After a years-long effort by supporters and family members of America's last World War II Rangers, the bill was finally signed into law by President Biden on June 7, which authorizes the Congressional Gold Medal for all World War II Rangers.
"So many Rangers that had served in various eras have reached out to me and asked me to spearhead this because I had connections to the Ranger Regiment and Ranger Rendezvous at Fort Benning, Georgia," Sen. Joni Ernst told Connecting Vets in a past interview.
"While we can never say thank you enough, awarding the Congressional Gold Medal to these Rangers is a small token of appreciation from a grateful nation," she said in a press release.
Sen. Ernst’s bill S1872 to award the Congressional Gold Medal to WWII Rangers was approved in the House with 418 yeas and 0 nays back in May. From there it went on to the President for final authorization.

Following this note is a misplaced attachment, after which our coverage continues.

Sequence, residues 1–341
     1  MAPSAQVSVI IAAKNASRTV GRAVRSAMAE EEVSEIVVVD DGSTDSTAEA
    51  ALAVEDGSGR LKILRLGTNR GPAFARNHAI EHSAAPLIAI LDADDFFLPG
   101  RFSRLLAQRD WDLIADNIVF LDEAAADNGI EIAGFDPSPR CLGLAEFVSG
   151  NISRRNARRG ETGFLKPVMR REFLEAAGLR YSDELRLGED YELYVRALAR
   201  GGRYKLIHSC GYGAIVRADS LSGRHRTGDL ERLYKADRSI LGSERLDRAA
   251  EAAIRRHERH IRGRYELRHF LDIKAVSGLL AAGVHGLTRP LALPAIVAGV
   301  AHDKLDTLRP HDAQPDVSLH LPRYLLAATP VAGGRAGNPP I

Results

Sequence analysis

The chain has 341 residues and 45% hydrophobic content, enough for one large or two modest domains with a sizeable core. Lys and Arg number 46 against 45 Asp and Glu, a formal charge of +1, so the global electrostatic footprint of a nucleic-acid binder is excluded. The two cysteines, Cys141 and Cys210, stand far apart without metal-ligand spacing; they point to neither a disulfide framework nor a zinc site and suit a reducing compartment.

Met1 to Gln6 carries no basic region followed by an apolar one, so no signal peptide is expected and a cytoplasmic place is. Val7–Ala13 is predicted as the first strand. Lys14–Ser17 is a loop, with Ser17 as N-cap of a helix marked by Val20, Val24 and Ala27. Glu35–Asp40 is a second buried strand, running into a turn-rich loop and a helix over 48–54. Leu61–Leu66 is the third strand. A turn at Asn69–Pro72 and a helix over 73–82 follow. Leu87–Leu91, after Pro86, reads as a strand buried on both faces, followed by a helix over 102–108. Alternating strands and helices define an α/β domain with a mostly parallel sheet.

Passing the bill was a long, hard-fought effort that took a number of years and numerous attempts.
"We are so excited that these WWII heroes will receive this national honor and recognition," Bill Hudnell told Connecting Vets. Hudnell is the son of James H. Hudnell who served in D Company, 2nd Ranger Battalion during World War II.
During the war, Rangers famously scaled the cliffs at Pointe Du Hoc during D-Day, fought in North Africa, and were dealt a devastating defeat in Cisterna, Italy. Their sacrifice will now be recognized by the Congressional Gold Medal which is the highest award given by Congress to individuals or institutions.